- The tenure and number of years in open innovation depends on whether they leave the company, or whether they stay in an open innovation job. Tenure is high in all cases (>15 years) except for managers that leave the company and have no ambition to stay in open innovation in their new job. We also find that managers who have been working a short time in open innovation tend to move to other jobs (in the same or another company). This observation shows that highly specialised (and older or senior) open innovation managers with considerable tenure and many years of service in open innovation tend to stay in open innovation jobs, while younger managers with less open innovation experience stay for between two and four years in the job, and then choose another job in the same or another company.
- When open innovation managers leave the company, two out of three change jobs: 27% become consultants and 5% work in open innovation services. Most managers find a new job in a non-competing company (44%), while 24% join a competing company.
- We found little evidence for dissemination of good practices through hiring open innovation managers from other companies: only 3% of the sampled managers worked in 2016 in another company as open innovation managers, and only half of this group worked in a competing company.
- We also find that leaving the company increases the likelihood of promotion. But this conclusion does not apply in the same way for all circumstances:o The chances of promotion are always significantly lower when managers stay in open innovation, than when they obtain a different job. This holds irrespective of whether they stay or leave the company.o When open innovation managers stay in the open innovation field, promotion is slightly more likely than for those who leave the company (29% compared to 22% for those who stay).o When open innovation managers start a different job, promotion is more likely (67%) for those who stay in the company, than for those who leave the firm (56%).
By Wim Vanhaverbeke Jim Cheng and Henry Chesbrough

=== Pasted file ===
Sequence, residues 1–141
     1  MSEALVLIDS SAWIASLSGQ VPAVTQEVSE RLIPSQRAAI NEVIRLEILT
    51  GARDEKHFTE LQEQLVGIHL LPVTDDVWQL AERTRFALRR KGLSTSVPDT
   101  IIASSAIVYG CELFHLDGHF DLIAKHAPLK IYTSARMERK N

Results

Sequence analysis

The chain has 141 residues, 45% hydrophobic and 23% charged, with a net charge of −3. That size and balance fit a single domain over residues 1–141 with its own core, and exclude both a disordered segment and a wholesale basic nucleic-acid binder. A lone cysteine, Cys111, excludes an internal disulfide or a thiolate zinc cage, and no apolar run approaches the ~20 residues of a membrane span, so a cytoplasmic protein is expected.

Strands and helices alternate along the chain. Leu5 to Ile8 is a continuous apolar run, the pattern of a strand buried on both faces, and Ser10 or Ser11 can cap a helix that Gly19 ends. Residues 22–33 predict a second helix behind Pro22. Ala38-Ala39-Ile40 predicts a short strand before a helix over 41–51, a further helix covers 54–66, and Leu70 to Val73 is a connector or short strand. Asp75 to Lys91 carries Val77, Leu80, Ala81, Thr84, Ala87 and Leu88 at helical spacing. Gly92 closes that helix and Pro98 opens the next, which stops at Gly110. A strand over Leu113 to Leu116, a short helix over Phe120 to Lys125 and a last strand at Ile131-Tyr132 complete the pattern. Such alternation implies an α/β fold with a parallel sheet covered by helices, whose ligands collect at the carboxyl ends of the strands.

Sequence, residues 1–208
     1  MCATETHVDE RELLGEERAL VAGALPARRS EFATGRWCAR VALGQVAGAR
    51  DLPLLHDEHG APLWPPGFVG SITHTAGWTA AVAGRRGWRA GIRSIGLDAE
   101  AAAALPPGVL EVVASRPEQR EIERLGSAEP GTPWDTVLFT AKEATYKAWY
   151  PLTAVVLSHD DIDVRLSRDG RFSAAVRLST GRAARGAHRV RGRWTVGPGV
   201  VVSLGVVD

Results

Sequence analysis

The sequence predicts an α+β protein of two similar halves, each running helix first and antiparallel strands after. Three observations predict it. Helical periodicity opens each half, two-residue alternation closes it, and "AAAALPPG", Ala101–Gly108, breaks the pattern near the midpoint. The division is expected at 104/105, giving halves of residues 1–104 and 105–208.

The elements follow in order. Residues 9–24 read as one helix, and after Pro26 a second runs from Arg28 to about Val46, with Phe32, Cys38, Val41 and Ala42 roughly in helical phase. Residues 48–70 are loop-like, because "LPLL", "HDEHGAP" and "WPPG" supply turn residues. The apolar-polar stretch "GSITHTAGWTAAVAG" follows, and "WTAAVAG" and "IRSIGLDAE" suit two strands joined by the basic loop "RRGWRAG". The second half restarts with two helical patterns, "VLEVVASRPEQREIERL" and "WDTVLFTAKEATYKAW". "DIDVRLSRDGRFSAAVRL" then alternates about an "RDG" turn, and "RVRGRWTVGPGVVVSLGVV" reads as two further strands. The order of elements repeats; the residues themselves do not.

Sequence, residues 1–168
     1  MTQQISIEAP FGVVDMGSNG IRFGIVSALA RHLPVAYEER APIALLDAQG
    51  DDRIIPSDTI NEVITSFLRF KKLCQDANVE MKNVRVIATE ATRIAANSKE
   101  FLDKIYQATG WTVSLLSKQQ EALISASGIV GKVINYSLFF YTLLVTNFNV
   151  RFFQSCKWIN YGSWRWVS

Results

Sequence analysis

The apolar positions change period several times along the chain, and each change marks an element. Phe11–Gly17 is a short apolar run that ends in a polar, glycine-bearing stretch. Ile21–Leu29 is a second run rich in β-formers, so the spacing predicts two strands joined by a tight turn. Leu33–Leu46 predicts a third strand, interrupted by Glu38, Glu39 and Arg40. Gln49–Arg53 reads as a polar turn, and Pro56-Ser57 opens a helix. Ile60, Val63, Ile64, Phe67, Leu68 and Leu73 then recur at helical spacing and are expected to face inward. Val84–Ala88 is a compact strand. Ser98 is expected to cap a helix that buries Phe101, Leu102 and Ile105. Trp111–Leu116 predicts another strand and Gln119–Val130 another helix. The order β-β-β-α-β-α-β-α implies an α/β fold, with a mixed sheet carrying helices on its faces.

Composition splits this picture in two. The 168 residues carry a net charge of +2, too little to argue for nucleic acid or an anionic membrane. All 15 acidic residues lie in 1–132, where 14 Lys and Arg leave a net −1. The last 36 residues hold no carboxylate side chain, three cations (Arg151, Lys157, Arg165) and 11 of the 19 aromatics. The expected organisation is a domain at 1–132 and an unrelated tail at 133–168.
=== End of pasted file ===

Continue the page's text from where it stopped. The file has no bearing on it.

About the authors
Exnovate, a Network of Excellence on Open & Collaborative Innovation, originated from the pioneering work of Prof. Dr. Wim Vanhaverbeke together with Prof. Henry Chesbrough and other domain experts. As several captains of industry, government officials and academic peers gradually learned about the topic of open innovation, they soon welcomed the idea to create a European Hub for knowledge exchange on collaborative forms of innovation. A place where OI best practices could be exchanged and where a genuine market for OI expertise would be prepared and organized for all stakeholders
Prof. Wim Vanhaverbeke is a dedicated open innovation researcher collaborating with different partners in universities and companies around the globe. Professor Vanhaverbeke established the European Innovation Forum with Henry Chesbrough in 2012. He is a frequently asked speaker at leading international conferences and an adviser for several globally operating companies.
Jim Cheng, Innovation Management Researcher at UHasselt, has worked in many aspects of banking and finance: sales, strategy, analysis, marketing, projects, operations. Jim obtained the Bachelor’s Degree of Science, Industrial and Labor Relations at Cornell University, in 2001. In 2007, he obtained a Post-Graduate (Master’s level) in China Business Studies, at Vrije Universiteit Brussel. He enjoys most intellectual challenges that come from such a fast moving industry.
Prof. Henry Chesbrough is Faculty Director of the Garwood Center for Corporate Innovation at the Haas School of Business at UC Berkeley. His research focuses on managing technology and innovation. His books on Open Innovation articulate a new paradigm for organizing and managing R&D.